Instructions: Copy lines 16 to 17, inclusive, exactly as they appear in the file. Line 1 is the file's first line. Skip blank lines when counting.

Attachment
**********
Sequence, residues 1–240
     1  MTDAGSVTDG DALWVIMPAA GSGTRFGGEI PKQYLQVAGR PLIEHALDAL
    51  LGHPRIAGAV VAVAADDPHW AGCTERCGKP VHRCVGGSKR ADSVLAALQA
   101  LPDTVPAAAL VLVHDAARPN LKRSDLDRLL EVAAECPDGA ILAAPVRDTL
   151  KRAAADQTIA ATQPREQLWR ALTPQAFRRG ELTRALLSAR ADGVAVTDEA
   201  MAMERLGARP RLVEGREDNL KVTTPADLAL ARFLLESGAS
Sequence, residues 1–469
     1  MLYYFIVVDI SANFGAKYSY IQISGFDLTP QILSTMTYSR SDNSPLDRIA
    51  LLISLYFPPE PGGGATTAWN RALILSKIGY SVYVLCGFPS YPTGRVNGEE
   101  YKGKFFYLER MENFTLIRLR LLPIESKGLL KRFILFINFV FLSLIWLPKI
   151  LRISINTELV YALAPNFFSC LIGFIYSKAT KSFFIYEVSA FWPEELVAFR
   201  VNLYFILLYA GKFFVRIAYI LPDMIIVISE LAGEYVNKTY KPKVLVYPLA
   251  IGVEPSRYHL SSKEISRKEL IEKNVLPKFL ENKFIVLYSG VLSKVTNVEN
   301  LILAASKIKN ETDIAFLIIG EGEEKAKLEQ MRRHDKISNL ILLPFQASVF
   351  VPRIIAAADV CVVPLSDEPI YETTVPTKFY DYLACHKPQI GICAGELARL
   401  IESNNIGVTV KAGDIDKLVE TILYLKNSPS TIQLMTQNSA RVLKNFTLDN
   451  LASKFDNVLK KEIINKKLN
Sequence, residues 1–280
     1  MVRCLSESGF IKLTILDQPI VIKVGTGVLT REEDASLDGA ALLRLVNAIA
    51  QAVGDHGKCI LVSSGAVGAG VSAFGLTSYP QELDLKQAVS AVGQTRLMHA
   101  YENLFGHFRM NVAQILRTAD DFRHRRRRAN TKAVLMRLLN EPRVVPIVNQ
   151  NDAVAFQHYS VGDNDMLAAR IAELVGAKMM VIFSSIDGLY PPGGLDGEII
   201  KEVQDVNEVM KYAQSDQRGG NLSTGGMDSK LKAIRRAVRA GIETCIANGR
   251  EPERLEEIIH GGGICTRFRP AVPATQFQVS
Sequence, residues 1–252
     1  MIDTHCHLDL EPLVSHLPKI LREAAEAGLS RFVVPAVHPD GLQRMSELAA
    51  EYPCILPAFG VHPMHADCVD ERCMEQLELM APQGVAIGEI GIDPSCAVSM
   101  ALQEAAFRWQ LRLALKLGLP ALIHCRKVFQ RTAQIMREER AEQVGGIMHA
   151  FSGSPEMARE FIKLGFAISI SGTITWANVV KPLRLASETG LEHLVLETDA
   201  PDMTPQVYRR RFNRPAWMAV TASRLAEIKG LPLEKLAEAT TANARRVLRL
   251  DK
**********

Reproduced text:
   401  IESNNIGVTV KAGDIDKLVE TILYLKNSPS TIQLMTQNSA RVLKNFTLDN
   451  LASKFDNVLK KEIINKKLN